The panoramic view of Seville depicts the surrender of its last two Muslim leaders, Al-Xataf (also known as Al-Shaqaf) and Ibn Djuib, to the Christian King, Ferdinand III, in 1248. Ferdinand was celebrated long after this event for capturing a succession of Muslim controlled cities in Andalusia and was canonized in 1672. After the surrender, Al-Shaqaf moved to Ceuta in North Africa, where he became a judge.
The surrender scene was one of the most popular among Seville’s residents, who were understandably proud of their city. This painting offers a detailed panorama of Seville’s townscape as it was in the first half of the seventeenth century, although the actual surrender took place in the thirteenth. The Cathedral’s Giralda tower is crowned by the rotating statue of Faith, which acted as a weathervane and had been added in 1567. In the foreground, the busy dockyards of the Guadalquivir River lie alongside the Torre de Oro (Golden Tower), the former Muslim Almohad defensive watchtower.
By the seventeenth century Seville had become Spain’s major port and a gateway to the New World, despite its inland setting fifty miles from the Atlantic Ocean. It controlled the country’s transatlantic trade with the vast Spanish empire in the Americas and the Philippines. All those seeking divine protection for their maritime ventures routinely prayed for support in the Cathedral’s chapels, while those who had been successful flaunted their new-found wealth by commissioning artworks.
The costume and posture of Ferdinand III are derived from a picture that Pacheco painted in 1634 for the choir of Seville Cathedral. The vision of the Virgin in the upper right-hand corner, on the other hand, replicates the sculpture of the Virgin of the Kings (Virgen de los Reyes), which is displayed in the chapel where Ferdinand III was buried in 1252.
Although The Bowes Museum picture was probably painted after 1634, and by a member of Pacheco’s workshop or circle, the figure of Ferdinand III is shown wearing military dress from the 1550s or 1560s. A similar costume can be seen in the portrait of Philip II, painted by the Flemish artist Anthonis Mor in 1559–60, a workshop copy of which is currently on display in The Spanish Gallery, Bishop Auckland (see ‘Power and Authority’, 1). To the mid-seventeenth-century artist, military costumes from the previous century were considered ancient enough to represent those of a medieval king.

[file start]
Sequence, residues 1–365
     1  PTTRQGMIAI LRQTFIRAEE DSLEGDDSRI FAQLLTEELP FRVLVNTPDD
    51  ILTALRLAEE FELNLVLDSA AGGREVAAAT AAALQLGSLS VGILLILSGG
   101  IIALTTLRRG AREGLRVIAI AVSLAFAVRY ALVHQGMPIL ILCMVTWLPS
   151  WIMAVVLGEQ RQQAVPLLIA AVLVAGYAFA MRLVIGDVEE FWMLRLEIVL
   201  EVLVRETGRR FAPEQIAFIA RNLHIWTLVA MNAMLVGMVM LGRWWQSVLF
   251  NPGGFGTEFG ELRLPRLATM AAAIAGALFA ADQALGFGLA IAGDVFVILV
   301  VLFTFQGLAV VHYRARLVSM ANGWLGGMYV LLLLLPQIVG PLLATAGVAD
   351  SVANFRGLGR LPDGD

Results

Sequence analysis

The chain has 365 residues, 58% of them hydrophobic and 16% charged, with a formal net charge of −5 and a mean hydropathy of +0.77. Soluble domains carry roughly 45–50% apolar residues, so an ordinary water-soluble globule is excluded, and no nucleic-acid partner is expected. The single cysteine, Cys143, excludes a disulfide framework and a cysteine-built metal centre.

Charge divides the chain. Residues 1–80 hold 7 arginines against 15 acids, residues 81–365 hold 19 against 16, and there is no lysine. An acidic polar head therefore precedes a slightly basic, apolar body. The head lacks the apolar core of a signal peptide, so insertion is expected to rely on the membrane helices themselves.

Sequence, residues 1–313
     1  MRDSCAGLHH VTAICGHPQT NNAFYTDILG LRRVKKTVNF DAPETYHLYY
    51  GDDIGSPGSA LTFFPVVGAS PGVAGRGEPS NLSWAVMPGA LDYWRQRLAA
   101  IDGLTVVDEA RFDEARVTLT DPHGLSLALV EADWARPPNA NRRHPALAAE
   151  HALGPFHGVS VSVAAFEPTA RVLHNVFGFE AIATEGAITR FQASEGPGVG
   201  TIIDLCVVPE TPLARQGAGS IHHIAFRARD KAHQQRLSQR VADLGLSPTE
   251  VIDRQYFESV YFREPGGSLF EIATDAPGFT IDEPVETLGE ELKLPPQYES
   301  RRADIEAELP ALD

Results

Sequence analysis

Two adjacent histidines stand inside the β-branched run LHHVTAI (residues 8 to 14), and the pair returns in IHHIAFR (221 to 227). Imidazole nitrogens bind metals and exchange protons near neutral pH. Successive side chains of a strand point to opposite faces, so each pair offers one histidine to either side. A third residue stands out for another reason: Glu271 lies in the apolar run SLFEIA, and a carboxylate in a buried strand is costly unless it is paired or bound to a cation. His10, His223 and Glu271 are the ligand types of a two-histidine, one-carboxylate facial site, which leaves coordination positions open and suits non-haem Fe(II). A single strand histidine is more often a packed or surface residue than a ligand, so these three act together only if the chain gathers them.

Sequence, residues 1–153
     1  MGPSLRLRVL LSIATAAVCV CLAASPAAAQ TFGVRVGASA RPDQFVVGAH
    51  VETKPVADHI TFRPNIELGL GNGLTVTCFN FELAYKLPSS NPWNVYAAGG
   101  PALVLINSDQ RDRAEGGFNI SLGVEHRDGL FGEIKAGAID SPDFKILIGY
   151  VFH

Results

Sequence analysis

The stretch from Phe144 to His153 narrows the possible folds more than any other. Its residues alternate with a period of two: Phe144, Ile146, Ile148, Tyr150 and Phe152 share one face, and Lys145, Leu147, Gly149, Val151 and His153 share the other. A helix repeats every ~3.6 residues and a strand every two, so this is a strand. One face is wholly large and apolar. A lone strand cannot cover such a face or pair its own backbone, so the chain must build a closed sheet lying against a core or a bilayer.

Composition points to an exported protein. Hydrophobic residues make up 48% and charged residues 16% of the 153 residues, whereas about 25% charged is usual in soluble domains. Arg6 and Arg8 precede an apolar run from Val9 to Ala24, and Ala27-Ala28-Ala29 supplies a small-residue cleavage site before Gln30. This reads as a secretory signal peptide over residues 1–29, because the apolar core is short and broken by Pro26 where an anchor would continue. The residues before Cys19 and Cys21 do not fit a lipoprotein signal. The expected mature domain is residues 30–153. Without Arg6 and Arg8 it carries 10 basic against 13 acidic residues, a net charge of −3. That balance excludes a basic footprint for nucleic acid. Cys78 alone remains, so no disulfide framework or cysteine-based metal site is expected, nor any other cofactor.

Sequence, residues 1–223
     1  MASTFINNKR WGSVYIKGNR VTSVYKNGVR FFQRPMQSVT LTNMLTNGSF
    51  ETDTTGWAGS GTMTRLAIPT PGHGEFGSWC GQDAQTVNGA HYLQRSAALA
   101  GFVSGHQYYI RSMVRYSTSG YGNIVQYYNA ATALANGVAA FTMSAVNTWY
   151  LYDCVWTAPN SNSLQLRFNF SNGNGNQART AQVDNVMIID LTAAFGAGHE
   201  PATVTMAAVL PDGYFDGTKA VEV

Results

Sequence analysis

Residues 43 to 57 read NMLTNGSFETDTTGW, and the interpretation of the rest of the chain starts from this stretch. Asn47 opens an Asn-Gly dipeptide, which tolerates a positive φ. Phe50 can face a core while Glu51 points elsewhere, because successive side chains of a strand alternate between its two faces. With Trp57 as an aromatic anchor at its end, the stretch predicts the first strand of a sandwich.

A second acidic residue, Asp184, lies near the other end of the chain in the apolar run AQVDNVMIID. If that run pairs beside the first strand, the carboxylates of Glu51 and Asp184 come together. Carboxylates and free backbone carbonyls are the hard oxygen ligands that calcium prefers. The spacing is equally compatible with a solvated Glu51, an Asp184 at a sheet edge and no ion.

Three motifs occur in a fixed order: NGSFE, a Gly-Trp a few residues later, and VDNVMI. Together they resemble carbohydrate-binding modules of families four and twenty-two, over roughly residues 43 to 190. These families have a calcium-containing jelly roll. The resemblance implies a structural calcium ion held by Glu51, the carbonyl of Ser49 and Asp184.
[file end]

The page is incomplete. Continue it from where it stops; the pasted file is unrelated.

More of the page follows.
The custom of surrendering control of a city by handing over the keys to its gates is medieval in origin, but it still had powerful symbolic resonance in the seventeenth century. The most famous Spanish example is the surrender of the Dutch town of Breda to the Spanish general, Ambrosio Spínola, painted in 1634–35 by Pacheco’s son-in-law, Diego Velázquez (Prado Museum, Madrid).
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The Surrender of Seville to Ferdinand III, King of Castile and Leon.
Circle of Francisco Pacheco (Sanlúcar de Barrameda, Cádiz, 1566 – Seville, 1644).
Medium and Support
Oil on canvas.
63.5 x 136.5 cm.
Marks and Inscriptions
Bequeathed by the founders of the Bowes Museum, John and Joséphine Bowes, in 1885.
Bought 1862 by John and Joséphine Bowes from the collection of the late Spanish politician, Francisco Javier de Quinto y Cortés, 1st Count of Quinto (1810–60), cat. 74.
The Bowes Museum, Barnard Castle, B.M.69.
Eric Young, Four Centuries of Spanish Painting: 17th June – 17th September 1967, The Bowes Museum, Barnard Castle, County Durham (Gateshead: Team Valley Printers, 1967), pp. 49–50 (no. 62);
Derek W. Lomax, The Reconquest of Spain (London: Longman, 1978), pp. 152–54;
Eric Young, Catalogue of Spanish Paintings in the Bowes Museum, 2nd ed. (Middlesborough: The Bowes Museum, 1988), pp. 120–23;
Rosemarie Mulcahy, ‘Celebrating Sainthood Government and Seville: The Fiestas for the Canonization of King Ferdinand III’, Hispanic Research Journal, 2.5 (2010): 393–414 (p. 402);
Véronique Gerard Powell, ‘Spanish Paintings in the Bowes Museum’, in Spanish Art in County Durham, ed. Clare Baron & Andy Beresford (Bishop Auckland: Auckland Castle Trust, The Bowes Museum, & Durham University, 2014), p. 72.